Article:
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Marijuana Abuse & Addiction Statistics in 2023 | Learn More

Marijuana use rates are currently at all-time highs. 

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Based on data from the 2022 Monitoring the Future (MTF) study, funded by the National Institute on Drug Abuse (NIDA), the rate of marijuana abuse among those ages 19 to 30 was its highest ever noted at 35%, while the rate for people ages 35 to 50 was 28%. Eleven percent of people reported daily marijuana use.[1]

According to the National Survey on Drug Use and Health (NSDUH), 52.5 million people in the U.S. used marijuana in 2022, and this high rate will likely continue into 2023.[2]

Top States Impacted by Marijuana Use & Abuse

Different states experience different rates of marijuana abuse. Often, it was the legal status of marijuana that seemed to impact the rates of use and abuse of the drug most significantly. 

It’s an issue that seems unlikely to decrease any time soon as legalization has led to the normalization of marijuana use. In states where marijuana use is legal, rates of use increase.[3] 

Here are some state-specific stats on marijuana use and abuse:[4,5]

  • States with high marijuana usage rates for residents aged 12 or over in 2021 include Alaska, Colorado, the District of Columbia, Maine, Massachusetts, Oregon, Nevada, Rhode Island, Vermont, and Washington.
  • California saw significant growth in marijuana use rates between 2013 and 2017, increasing from 13.86% to 18.62%. Other states that experienced comparable increases in the rate of marijuana use during the same period included Delaware, Indiana, Maryland, Michigan, Nevada, New Hampshire, New Mexico, and New York. 
  • Arizona, Florida, Hawaii, Illinois, Kentucky, Minnesota, Missouri, Ohio Pennsylvania Tennessee West Virginia all had moderate marijuana abuse rates in 2017.
  • Arkansas, Idaho, Kansas, Louisiana, and New Jersey had marijuana use rates between 11.79% and 12.7% in 2017, as did Oklahoma, South Dakota, Wisconsin, and Wyoming.

Children & Marijuana

When young people use marijuana, it negatively impacts their cognitive and emotional development and puts them at risk of life-changing or fatal accidents and lifelong addiction.[6] As a result, protecting children from exposure to marijuana edibles and early use of the drug during teenage years can help to prevent tragedy and the development of addiction issues that will follow them into adulthood. 

  • Marijuana is the most frequently used recreational drug in the U.S. that is illegal at the federal level. Its use among children and teenagers is rising dramatically, particularly in states that have legalized its use.[7] 
  • Due to the growing availability and popularity of marijuana, there has been an increase in accidental cannabis ingestion among children.[8] This is partly due to the fact that cannabis products are often packaged and presented in a way that resembles candies and foods that are attractive to young children. 
  • A review of data from poison centers found that in states where marijuana has been decriminalized, there was a 30% annual increase in calls related to unintentional pediatric marijuana exposures between 2005 and 2011. In contrast, there was no change in the number of such calls in states where marijuana use is still illegal.[9]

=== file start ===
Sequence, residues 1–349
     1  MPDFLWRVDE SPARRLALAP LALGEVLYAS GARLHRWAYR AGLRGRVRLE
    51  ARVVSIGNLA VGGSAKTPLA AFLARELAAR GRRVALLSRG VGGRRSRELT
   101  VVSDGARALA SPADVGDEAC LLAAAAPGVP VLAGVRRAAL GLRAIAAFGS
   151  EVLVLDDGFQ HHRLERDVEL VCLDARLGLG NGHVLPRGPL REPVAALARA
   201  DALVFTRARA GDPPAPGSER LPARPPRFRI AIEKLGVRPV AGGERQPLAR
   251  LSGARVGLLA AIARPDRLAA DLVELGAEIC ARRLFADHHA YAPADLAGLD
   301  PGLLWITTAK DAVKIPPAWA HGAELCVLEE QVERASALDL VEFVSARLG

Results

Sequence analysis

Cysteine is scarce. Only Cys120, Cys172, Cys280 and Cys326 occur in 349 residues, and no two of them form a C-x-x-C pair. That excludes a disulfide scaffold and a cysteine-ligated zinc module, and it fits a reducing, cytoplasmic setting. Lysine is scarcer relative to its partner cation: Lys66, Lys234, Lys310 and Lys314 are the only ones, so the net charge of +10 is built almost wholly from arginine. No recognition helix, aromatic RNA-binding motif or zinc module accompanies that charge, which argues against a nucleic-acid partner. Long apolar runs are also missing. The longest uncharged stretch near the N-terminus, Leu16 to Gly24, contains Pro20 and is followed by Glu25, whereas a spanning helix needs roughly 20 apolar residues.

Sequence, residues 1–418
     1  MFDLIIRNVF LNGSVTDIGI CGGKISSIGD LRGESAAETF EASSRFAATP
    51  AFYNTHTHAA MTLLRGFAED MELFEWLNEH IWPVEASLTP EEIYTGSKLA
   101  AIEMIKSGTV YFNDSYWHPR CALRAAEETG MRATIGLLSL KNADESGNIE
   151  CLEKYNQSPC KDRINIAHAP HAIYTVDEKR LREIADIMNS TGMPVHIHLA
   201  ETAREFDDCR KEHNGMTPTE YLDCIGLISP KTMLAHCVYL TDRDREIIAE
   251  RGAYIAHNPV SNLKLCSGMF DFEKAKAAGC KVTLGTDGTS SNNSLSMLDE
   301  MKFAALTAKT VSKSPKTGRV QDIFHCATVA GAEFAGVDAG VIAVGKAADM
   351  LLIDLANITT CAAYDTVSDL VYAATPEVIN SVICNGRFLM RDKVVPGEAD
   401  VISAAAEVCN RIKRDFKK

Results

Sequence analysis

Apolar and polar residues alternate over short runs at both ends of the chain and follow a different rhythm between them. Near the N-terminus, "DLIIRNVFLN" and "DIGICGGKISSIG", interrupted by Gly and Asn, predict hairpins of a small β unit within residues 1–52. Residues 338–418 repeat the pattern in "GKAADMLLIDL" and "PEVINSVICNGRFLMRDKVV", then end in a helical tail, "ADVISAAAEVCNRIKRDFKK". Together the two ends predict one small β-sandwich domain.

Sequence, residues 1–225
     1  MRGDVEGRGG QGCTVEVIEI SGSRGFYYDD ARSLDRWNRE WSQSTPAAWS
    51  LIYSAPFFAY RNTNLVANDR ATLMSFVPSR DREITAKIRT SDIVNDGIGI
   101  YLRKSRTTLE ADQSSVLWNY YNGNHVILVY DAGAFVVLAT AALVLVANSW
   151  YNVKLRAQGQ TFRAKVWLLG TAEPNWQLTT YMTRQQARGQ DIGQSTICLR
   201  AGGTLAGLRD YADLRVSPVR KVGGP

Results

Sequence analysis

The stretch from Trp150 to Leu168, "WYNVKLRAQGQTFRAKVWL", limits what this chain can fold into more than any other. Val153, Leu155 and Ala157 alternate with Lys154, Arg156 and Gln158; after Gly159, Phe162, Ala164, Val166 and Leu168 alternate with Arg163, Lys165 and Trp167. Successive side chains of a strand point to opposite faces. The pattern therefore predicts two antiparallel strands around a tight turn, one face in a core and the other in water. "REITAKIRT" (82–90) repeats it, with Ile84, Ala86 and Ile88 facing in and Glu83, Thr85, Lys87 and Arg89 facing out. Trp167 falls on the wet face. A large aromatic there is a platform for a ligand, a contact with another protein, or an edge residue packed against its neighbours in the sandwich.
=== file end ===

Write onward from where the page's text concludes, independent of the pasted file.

COVID-19 & Marijuana Abuse

The pandemic drove people into their homes, causing isolation, boredom, and, in some cases, an increased struggle with mental health issues like depression and anxiety. As a result, many people turned to marijuana use to manage those issues. Some began using the drug so heavily that they developed an addiction to the substance. 

  • In a survey from 2020, about 41.3% of people polled reported increasing their use of marijuana in general during the lockdown, while about 50% said their use levels stayed the same, 6.6% reported using less marijuana, and less than 3% said they stopped using marijuana temporarily.[11] 
  • Regular users of marijuana who consumed the drug at least once a month had significantly poorer COVID-19 survival rates, even after accounting for known risk factors like age, gender, smoking history and comorbidities.[12]

Risk of Marijuana Addiction

As marijuana use and abuse rates have risen significantly, rates of marijuana use disorder (or marijuana addiction) have also increased.

  • Even though not all marijuana users progress to addiction, approximately 30% of users show symptoms indicative of marijuana use disorder. Some studies estimate this to be a 30% likelihood of addiction forming.[13-15]
  • Another study estimates the likelihood of marijuana addiction at 10% for regular users.[16].
  • People who begin regular use of marijuana during childhood or adolescence and consistently engage in its use are at an increased risk of developing a marijuana use disorder. According to the National Household Survey on Drug Abuse, the highest risk for cannabis dependence was seen among early to late adolescent age groups.[17]

Death Associated With Marijuana

Though it is uncommon for marijuana users and even those living with a marijuana addiction to die due to drug overdose, as is common among users of other substances, marijuana use is correlated with higher rates of mortality as compared to people who don’t use marijuana.[18]